A Short Historical Overview of the Rolex Day-Date AKA "The President"
In 1956, Rolex released the Day-Date: a new line of premium timepieces that would occupy the flagship spot within their growing catalog. Building off of the basic design of their existing Datejust line of watches, the Day-Date added an additional complication for displaying the day of the week through a second aperture in the surface of the dial. Over the years, the Rolex Day-Date has become synonymous with success and accomplishment, and various examples of this iconic watch have graced the wrists of everyone from musicians and professional athletes to United States Presidents.
The Rolex Day-Date holds the title of being the world’s first watch to display both the date and the day of the week (spelled out in full), through separate windows in the surface of the dial. As Rolex’s new premier timepiece offering, the Day-Date was (and still is) only ever crafted from either solid, 18-karat gold or 950 platinum. There are only six known instances of a Rolex Day-Date being manufactured from stainless steel. All six examples are reference 6611 Day-Date watches that were created during a very short period of time while Rolex was experimenting with the idea of offering an entry-level version of the Day-Date. The idea was ultimately abandoned and production of stainless steel Day-Date watches stopped after a series of marketing tests revealed the potential demand for gold timepieces.
Similar to how the Jubilee bracelet was designed specifically for the 1945 release of the Datejust, the President bracelet was created specifically for the Day-Date and was first unveiled to the public in 1956. Much like the Day-Date watch itself, the President bracelet is only ever manufactured from either 18-karat gold (yellow, white, or pink) or 950 platinum, and it is reserved exclusively for Rolex’s Day-Date line of watches, and certain precious metal variants of the Datejust.
While the “Rolex President” name has now become synonymous with the Day-Date line of watches, this naming convention has not always been in place. Rolex’s connection to the White House began even before the introduction of the Day-Date. In 1950 the watchmaker gifted General Eisenhower an 18K gold DateJust. The gift was to mark the production of the 150,000th chronometer by Rolex (they had gifted the 100,000th to Churchill) and was engraved with the general’s initials and the date 12-19-50. Eisenhower famously wore the watch on the cover of Life Magazine in 1952 and throughout his presidency making him the first United States President to wear a Rolex.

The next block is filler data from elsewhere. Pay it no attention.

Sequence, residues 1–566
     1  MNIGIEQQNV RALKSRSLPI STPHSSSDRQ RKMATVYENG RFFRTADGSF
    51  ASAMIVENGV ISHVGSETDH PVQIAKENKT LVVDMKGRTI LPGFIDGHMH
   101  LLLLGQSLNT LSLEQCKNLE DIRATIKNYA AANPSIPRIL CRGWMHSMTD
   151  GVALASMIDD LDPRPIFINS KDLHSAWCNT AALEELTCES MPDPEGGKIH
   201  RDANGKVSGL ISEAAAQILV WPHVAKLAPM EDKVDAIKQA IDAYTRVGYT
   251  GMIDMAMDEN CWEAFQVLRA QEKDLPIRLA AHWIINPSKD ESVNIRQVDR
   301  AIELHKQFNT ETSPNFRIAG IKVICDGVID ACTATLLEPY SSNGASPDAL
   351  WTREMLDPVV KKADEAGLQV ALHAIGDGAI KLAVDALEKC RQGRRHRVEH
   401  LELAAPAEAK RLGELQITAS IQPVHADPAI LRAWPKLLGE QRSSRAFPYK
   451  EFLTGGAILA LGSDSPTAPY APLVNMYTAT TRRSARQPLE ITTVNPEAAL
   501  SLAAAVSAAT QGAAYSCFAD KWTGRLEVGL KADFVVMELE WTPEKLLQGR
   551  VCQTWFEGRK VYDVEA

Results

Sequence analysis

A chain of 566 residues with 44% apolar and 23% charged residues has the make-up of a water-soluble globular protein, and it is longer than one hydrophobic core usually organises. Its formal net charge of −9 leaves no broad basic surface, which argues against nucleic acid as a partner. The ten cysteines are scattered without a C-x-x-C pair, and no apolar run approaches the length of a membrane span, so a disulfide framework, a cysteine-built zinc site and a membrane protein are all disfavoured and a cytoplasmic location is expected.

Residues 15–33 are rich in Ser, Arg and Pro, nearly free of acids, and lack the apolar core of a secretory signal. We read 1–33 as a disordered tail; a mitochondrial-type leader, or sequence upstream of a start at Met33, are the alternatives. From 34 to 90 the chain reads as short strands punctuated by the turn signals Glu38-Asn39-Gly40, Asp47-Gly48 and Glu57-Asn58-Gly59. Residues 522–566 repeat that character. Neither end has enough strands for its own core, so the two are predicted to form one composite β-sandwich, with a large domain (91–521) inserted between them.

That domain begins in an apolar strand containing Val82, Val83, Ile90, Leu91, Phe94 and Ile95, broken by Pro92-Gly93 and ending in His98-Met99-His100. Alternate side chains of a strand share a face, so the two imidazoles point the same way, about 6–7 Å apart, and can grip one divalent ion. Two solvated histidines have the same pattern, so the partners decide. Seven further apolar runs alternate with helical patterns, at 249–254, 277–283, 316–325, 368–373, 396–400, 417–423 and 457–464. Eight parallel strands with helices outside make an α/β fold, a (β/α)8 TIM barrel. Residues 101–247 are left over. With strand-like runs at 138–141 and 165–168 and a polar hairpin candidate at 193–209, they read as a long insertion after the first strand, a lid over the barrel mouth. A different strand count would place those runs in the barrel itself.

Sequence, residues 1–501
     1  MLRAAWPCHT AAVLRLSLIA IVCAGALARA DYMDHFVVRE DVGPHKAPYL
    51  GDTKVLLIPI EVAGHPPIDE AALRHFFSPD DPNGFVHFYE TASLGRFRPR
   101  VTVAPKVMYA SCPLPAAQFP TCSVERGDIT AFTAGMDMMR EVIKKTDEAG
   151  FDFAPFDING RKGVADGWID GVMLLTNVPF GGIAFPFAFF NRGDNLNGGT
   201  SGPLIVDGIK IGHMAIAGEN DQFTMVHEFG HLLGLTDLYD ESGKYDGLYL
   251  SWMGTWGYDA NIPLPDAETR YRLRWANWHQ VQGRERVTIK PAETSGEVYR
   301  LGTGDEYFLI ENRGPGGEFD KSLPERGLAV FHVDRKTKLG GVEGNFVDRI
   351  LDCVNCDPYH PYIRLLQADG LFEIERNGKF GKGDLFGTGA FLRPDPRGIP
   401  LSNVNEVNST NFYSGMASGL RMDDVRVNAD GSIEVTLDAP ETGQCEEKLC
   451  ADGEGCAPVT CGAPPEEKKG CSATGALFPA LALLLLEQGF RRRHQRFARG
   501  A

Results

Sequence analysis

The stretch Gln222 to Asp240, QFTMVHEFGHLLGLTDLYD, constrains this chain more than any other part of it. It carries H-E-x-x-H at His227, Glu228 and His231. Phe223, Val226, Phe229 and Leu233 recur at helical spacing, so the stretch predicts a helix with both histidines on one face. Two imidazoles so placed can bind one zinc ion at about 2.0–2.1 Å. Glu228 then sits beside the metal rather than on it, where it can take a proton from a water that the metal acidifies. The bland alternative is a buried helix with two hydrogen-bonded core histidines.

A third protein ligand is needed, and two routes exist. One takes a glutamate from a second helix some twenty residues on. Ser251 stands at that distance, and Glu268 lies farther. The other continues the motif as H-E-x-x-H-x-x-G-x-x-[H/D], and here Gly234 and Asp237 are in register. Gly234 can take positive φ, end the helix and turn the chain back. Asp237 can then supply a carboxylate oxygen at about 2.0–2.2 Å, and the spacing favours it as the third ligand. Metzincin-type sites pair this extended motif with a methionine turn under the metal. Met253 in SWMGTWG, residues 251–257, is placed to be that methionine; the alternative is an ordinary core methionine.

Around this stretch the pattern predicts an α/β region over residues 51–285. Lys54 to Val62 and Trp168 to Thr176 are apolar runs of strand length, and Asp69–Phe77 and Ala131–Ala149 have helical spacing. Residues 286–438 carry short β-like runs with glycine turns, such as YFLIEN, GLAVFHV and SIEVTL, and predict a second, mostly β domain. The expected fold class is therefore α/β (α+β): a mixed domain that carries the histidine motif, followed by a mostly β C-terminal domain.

It was not until the mid-1960s, nearly 10 years after its initial introduction, that the Day-Date officially received its now legendary nickname. Then-president Lyndon Johnson had been frequently seen wearing his 18k gold Day-Date and in 1966 Rolex released a U.S. magazine ad referring to the Day-Date as “the presidents’ watch.” In modern Rolex terminology, the “President” name actually only pertains to the semi-circular, three-piece link bracelet found on the Day-Date; however the “Rolex President” name stuck, and it is now frequently used for any Day-Date watch, regardless of the style of bracelet fitted to it.
It is no surprise the President nickname has remained prevalent. Along with Johnson, Presidents Kennedy, Ford, Reagan, Nixon, and Roosevelt, all wore the Rolex Day-Date model. Kennedy’s was a bit of a scandal. A gift from Marilyn Monroe, reportedly given on the night she sang “Happy Birthday Mr. President” to him at Madison Square Garden, the back was inscribed “JACK with love as always from MARILYN May 29th, 1962.” Kennedy allegedly told an aide to get rid of it, but it appeared at auction in 2005 and was sold to an anonymous bidder for $120,000.
The very first iteration of the Rolex President was the reference 6511. Many reference 6511 watches experienced mechanical issues where the calendar functions created lag in the movement, which led Rolex to replace it after just one year with the reference 6611 Day-Date. Although the reference 6611 was free from the mechanical issues of its predecessor, it only managed to remain in production for a few years and was discontinued in 1959 with the introduction of the 1800-series Day-Date watches.
The 1800-generation of Day-Date timepieces was based on Rolex’s new 15xx-series of movements, and significantly improved the overall reliability and performance of their flagship Day-Date line. Rolex manufactured 1800-series Day-Date watches with a number of the different dial, bezel, and bracelet configurations, and the 1800-series remained in production for nearly two decades until Rolex finally replaced it in 1978 with the introduction of the 18000-series.
The new 18000-generation of Day-Date watches marks a turning point in the Rolex President’s history, where the iconic watch first began to take its contemporary form. The 18000-series Day-Date timepieces were built around Rolex’s new caliber 3055 movement, which added a quick-set date feature to the already successful, flagship line of Rolex timepieces. Additionally, along with the new movement, came a scratch-resistant, synthetic sapphire crystal and a dial with an entirely flat surface, rather than a “pie pan” dial like its predecessors, which had downward-sloping outer edges.
Despite remaining in continuous production for well over sixty years, the overall appearance of the 36 mm version of the Rolex Day-Date has remained remarkably unchanged since its original introduction in 1956 – and for good reason too. The classic appearance of the Rolex President, and its iconic, three-piece, semi-circular link bracelet has quite literally never gone out of style since it was first unveiled to the public. Throughout the years, the Rolex Day-Date President has grown in both popularity and price, and Rolex’s premium flagship offering has become an internationally recognized symbol of success and personal accomplishment.